The caudal fin of the zebrafish Danio rerio (Hamilton, 1822) is a valuable model system for regenerative biology as fin tissues are organized in a simple architecture2 and their restoration can be easily monitored in detail over time. Caudal fin regeneration is also remarkably fast (less than 2 weeks6), as compared to limb regeneration in tetrapods7 (up to 30 days in adult axolotl8).
The zebrafish caudal fin is composed of segmented bony rays (lepidotrichia) spaced by inter-ray mesenchymal tissue and covered with epidermis; it is vascularized, innervated and pigmented9,10,11. Each lepidotrichium is formed by two concave hemirays that define an inner space filled with intra-ray tissue, mainly composed of mesenchymal cells2,5,6. Mineralized lepidotrichia are produced by osteoblasts (also referred to as scleroblasts in the caudal fin) that secrete and maintain the bone matrix12. Given its remarkable regenerative potential, the zebrafish caudal fin system has been increasingly used for drug screening and discovery of factors regulating regeneration and de novo osteogenesis, particularly mineralogenesis13,14,15,16.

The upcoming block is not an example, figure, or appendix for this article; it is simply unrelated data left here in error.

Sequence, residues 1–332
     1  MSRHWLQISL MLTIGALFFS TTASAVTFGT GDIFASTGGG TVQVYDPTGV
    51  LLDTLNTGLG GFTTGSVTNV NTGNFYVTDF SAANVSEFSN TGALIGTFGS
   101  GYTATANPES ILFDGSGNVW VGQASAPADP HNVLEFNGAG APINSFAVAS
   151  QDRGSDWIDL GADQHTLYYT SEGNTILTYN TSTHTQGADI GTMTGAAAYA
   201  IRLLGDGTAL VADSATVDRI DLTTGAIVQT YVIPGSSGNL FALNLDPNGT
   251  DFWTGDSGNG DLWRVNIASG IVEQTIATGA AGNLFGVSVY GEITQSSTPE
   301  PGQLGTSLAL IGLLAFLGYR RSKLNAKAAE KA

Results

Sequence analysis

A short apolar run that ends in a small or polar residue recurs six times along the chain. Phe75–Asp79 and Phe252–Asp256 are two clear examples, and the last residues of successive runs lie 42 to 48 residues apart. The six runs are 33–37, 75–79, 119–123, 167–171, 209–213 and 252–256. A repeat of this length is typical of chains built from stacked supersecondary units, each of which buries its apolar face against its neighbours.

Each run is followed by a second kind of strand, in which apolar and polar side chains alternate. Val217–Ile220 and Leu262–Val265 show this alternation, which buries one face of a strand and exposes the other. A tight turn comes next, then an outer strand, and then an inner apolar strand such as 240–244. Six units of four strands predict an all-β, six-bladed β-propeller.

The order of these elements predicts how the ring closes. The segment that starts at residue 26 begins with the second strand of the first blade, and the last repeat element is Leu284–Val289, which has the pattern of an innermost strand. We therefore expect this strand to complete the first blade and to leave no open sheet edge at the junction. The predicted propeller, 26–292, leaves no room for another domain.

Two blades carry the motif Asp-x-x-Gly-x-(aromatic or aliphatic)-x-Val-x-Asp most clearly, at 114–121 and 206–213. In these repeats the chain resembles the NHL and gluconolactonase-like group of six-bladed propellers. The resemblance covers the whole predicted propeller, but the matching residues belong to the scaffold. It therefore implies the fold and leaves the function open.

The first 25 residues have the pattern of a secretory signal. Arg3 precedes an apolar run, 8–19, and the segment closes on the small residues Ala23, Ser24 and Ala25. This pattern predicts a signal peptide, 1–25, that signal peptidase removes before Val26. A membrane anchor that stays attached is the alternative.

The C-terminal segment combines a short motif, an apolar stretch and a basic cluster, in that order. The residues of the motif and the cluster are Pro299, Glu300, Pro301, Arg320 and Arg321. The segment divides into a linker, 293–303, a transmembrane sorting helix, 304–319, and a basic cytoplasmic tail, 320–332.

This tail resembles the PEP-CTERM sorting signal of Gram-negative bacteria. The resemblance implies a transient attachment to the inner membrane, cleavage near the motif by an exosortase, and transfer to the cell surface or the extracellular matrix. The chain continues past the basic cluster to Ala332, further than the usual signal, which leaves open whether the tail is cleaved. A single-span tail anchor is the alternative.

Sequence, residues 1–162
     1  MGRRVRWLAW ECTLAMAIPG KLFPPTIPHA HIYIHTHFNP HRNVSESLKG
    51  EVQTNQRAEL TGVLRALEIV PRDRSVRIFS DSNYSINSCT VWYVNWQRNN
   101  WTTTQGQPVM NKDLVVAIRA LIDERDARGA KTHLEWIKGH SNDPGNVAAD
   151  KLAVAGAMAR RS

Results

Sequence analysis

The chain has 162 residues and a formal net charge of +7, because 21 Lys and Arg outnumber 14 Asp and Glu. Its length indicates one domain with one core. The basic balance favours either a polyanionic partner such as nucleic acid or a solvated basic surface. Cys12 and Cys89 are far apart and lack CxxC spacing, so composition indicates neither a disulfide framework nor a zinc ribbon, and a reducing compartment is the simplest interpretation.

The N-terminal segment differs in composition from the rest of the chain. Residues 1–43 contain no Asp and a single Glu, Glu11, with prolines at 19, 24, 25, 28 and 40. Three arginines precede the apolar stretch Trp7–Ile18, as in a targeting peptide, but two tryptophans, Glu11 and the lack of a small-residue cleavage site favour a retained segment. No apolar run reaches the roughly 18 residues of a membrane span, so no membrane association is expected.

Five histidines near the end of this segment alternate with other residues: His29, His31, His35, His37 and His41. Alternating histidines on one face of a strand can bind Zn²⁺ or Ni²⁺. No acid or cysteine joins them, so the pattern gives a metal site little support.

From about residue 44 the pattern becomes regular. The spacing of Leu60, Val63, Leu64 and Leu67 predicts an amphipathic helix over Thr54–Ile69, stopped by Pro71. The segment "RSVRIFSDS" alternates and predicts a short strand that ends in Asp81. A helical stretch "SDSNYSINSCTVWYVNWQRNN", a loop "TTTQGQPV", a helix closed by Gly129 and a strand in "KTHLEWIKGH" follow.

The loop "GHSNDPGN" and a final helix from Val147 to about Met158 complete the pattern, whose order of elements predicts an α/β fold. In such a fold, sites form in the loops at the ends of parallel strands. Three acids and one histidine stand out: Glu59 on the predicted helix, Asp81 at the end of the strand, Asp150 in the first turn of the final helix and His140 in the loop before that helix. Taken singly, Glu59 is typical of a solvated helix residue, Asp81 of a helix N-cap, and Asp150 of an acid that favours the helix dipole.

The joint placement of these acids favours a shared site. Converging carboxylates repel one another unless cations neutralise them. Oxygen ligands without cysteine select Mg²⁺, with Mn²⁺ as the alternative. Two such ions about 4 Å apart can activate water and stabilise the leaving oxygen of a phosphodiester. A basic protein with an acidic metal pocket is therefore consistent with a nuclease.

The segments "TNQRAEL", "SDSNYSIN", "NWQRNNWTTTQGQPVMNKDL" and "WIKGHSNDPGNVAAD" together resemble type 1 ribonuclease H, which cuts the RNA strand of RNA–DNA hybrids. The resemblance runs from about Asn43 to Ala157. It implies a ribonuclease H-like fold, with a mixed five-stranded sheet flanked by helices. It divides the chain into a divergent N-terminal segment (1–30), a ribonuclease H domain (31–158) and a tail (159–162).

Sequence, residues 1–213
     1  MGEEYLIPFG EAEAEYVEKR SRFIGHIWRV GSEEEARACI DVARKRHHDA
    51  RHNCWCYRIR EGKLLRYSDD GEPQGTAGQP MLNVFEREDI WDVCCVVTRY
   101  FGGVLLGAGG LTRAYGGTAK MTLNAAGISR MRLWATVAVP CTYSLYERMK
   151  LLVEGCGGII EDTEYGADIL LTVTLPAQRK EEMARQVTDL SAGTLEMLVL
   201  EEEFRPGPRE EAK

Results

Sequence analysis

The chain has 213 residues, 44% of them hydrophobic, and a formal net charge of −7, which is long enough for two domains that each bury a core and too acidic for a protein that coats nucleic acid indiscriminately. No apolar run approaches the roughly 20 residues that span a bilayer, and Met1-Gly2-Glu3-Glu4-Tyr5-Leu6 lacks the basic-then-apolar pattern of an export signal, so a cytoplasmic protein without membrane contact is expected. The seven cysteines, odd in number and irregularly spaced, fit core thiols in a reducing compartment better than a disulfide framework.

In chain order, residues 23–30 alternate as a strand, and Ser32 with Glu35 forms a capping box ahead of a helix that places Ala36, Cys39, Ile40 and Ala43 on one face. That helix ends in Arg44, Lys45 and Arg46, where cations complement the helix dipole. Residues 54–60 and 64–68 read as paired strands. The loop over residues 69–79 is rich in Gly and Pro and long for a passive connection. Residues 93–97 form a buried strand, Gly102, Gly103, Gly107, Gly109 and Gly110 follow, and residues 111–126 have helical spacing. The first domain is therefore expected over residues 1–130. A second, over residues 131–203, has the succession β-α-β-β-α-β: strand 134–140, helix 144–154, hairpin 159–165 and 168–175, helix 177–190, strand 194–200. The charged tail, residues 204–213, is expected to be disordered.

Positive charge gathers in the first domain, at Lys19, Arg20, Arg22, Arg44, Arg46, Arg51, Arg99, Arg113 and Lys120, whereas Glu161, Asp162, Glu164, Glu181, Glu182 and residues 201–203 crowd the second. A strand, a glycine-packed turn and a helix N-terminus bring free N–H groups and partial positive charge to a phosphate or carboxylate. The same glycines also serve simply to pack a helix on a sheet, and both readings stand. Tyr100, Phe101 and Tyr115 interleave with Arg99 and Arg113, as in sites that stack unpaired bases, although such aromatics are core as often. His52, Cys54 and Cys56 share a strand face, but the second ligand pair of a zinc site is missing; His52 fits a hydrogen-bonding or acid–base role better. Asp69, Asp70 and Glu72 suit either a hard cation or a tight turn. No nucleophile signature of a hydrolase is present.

Upon surgical amputation (i.e. finectomy), a regenerative program initiates. Three main events can be distinguished: wound healing, blastema formation and regenerative outgrowth2,5,6. This specific type of regeneration (i.e. epimorphosis) relies on the dedifferentiation of cells resting below the amputation plane to form a blastema, an intermediate structure composed of undifferentiated and highly proliferative cells17,18,19. Distal to each fin ray, blastemas gradually form new mature tissue until the restoration of the ray, through a proximal-distal differentiation gradient of the various cell types, including osteoblasts20,21,22.